1. Pick one goal. If it's big, subdivide it into smaller goals. Pick the first one you need to achieve.
  2. List the mini goals or milestones you need to accomplish to achieve your goal by the deadline you've set.
  3. Draw a time line from left to right. Put the current date on the far left and your deadline on the far right. Insert each milestone with a date, starting from your deadline and working backward
  4. Once your milestones are in the right places, list underneath each one the actions you'll need to take to achieve them. Keep your plan handy and do what you planned.


  • [1] I've been collecting great quotes and possibly-useful phrases for a while. I've also started trying to come up with my own pithy quotes, with my models being Benjamin Franklin, Dorothy Parker, and Mark Twain - a very high bar. So far the results are rather pithiless.
  • [2] Are you often underestimating how long something will take? Me too. In fact, a client pointed out that apparently all of us have trouble. See Planning fallacy, esp. the paper "Exploring the planning fallacy: why people underestimate their task completion times":
    This study tested 3 main hypotheses concerning people's predictions of task completion times: (a) People underestimate their own but not others' completion times, (b) people focus on plan-based scenarios rather than on relevant past experiences while generating their predictions, and (c) people's attributions diminish the relevance of past experiences.
    Now why would that be, as a species, beneficial?
  • [3] Her "Time and task management" chapter is interesting from a productivity implementation perspective. She has a single "Master List" notebook which acts as: capture, s/m, tasks, and projects. You review it daily, dividing projects into components, eliminating and delegating tasks, entering deferred tasks on calendar, immediate tasks on Daily List. Compile tomorrow's Daily List the night before - choose 10 tasks. Rank each 1/2/3 depending on priority and level of demand on you. <- ideamattblog: Many thoughts here - the mixture of uses, having to review, not separating projects and actions, etc. Fun! Related: Extreme GTD: How Low Can You Go (or: Can We 80-20 GTD?)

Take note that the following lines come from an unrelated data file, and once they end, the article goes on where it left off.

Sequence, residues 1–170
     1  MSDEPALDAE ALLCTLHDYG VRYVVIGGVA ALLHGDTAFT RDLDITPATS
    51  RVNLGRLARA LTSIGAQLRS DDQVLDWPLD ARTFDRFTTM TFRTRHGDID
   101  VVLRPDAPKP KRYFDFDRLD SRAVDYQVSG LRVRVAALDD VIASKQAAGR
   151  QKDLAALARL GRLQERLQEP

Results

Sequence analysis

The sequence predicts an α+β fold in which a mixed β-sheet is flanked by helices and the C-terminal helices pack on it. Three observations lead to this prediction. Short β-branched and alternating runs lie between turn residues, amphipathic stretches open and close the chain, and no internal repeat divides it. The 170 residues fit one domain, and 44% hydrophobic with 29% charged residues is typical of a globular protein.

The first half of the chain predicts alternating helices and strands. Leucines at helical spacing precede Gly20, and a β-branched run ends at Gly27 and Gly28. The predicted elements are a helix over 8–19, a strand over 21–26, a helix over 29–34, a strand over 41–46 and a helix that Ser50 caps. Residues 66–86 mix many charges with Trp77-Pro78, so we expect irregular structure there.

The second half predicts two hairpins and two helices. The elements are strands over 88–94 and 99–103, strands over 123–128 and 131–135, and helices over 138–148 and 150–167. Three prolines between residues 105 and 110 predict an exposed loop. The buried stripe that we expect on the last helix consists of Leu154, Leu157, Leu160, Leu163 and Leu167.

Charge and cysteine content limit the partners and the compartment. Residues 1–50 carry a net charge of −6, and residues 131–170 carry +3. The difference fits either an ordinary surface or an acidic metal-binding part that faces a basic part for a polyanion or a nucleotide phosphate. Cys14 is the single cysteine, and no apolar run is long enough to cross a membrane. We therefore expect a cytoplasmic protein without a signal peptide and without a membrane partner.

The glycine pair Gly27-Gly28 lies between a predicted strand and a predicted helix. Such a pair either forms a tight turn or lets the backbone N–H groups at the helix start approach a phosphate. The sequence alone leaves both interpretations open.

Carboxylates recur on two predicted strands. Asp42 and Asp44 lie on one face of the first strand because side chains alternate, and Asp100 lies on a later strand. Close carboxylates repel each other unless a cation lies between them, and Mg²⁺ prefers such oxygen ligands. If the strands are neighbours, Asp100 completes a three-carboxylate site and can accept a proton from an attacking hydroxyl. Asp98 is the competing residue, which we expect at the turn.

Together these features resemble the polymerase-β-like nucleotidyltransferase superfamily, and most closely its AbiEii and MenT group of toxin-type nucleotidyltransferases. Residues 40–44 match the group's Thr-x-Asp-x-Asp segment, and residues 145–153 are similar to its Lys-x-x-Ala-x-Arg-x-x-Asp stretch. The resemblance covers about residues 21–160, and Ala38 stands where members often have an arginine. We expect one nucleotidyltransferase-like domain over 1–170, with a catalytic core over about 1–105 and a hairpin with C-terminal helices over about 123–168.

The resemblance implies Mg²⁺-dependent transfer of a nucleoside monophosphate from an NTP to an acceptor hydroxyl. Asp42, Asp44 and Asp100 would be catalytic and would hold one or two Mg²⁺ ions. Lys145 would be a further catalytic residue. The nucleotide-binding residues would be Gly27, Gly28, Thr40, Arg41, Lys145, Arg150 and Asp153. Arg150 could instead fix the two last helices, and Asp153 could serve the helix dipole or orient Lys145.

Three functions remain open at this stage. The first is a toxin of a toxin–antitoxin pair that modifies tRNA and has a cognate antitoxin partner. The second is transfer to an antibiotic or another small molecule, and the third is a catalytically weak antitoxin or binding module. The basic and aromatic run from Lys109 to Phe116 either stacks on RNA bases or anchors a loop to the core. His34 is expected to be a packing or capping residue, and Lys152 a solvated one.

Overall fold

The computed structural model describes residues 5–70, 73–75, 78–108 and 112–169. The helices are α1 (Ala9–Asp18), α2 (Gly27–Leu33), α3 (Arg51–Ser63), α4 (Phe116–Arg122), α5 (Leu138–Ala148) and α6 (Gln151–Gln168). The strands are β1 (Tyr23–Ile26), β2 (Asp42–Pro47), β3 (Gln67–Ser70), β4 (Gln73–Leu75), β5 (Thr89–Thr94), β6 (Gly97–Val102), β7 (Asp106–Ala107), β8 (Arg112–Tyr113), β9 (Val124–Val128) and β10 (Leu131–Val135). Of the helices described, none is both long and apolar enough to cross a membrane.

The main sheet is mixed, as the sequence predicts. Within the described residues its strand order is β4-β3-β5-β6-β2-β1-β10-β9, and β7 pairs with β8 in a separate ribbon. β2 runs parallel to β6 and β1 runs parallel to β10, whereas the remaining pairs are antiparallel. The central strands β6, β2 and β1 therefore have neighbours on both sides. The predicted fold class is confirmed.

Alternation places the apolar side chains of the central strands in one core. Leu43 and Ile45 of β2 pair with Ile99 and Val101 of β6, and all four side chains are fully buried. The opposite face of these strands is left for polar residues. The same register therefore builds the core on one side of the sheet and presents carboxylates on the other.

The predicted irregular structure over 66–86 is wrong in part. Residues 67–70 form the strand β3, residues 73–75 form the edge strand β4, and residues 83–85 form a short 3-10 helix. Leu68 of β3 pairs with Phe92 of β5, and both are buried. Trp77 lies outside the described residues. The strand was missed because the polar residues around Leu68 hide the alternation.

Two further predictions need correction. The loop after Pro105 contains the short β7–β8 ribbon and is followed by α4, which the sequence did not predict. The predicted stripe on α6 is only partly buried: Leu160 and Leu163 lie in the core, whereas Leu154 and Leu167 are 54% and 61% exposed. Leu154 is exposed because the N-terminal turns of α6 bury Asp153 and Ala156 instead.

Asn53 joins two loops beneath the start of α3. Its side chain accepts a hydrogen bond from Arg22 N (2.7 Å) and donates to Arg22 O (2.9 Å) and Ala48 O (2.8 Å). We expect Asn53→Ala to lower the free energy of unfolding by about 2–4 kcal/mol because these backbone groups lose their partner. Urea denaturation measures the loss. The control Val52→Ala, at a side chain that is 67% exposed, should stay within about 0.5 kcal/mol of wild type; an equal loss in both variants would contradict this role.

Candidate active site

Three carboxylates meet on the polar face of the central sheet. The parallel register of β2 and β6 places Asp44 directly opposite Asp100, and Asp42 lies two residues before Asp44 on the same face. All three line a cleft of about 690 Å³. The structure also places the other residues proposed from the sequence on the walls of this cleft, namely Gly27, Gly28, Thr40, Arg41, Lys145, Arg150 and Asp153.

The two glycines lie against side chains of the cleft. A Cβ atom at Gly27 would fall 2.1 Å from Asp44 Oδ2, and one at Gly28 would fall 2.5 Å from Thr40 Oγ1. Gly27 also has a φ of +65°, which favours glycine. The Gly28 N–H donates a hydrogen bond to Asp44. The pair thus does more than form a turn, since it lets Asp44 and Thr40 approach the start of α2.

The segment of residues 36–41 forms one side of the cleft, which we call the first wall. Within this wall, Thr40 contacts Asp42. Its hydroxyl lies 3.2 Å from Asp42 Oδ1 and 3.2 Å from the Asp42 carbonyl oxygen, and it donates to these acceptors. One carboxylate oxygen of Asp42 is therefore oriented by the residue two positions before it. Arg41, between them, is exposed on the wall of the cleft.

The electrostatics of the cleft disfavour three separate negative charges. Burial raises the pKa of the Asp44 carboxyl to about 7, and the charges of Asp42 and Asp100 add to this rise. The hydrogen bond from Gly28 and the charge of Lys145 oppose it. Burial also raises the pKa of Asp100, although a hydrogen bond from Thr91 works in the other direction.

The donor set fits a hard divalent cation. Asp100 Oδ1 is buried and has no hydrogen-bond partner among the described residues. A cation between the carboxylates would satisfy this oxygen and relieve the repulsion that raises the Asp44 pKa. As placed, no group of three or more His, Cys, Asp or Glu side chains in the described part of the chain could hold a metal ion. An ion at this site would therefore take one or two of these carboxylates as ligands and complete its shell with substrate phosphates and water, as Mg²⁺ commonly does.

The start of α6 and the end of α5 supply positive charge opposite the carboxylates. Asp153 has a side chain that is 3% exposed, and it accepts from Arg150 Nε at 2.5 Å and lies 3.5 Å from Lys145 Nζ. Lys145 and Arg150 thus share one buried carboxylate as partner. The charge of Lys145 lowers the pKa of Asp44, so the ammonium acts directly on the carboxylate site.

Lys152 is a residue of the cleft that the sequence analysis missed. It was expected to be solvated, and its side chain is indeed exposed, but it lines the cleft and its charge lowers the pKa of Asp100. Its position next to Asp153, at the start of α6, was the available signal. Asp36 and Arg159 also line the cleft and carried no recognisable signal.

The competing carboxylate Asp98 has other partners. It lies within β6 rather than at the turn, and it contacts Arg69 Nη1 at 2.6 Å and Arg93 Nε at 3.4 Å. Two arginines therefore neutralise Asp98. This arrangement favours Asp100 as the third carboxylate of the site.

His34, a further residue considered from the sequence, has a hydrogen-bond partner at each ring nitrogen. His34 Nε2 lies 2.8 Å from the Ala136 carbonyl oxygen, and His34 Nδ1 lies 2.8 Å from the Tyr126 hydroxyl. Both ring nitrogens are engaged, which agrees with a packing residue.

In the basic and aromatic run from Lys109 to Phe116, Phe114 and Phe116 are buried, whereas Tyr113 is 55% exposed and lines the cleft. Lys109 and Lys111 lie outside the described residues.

Reader Comments (16)

I'm a GTD man, but I have to say that the statement, "Complex goals require planning backward," is an extremely profound insight. I've found that the tasks on task lists have a tendency to break free of goals and outcomes and assert themselves as goals in and of themselves, and that's a tendency that requires mindful vigilance to prevent. I believe David Allen suggests asking the question, "what is the next action I have to take to move myself closer to the outcome I desire?" as a way of organizing specific tasks and general endeavors. If productivity is a measure of how much work one gets done, finding the most direct path toward an outcome has to be a central organizing principle. (An aside: when I first read this statement, I asked myself how different our task list in Iraq might have been if we had planned backwards from the goal of effectively implementing democracy and mediating the interests of competing groups.)

October 31, 2008 | Unregistered CommenterDan Owen

In my position, I concentrate on the tasks in a project so GTD is my tool. I have a Project Management Office with Project Managers that do the heavy lifting, but my task lists are still long.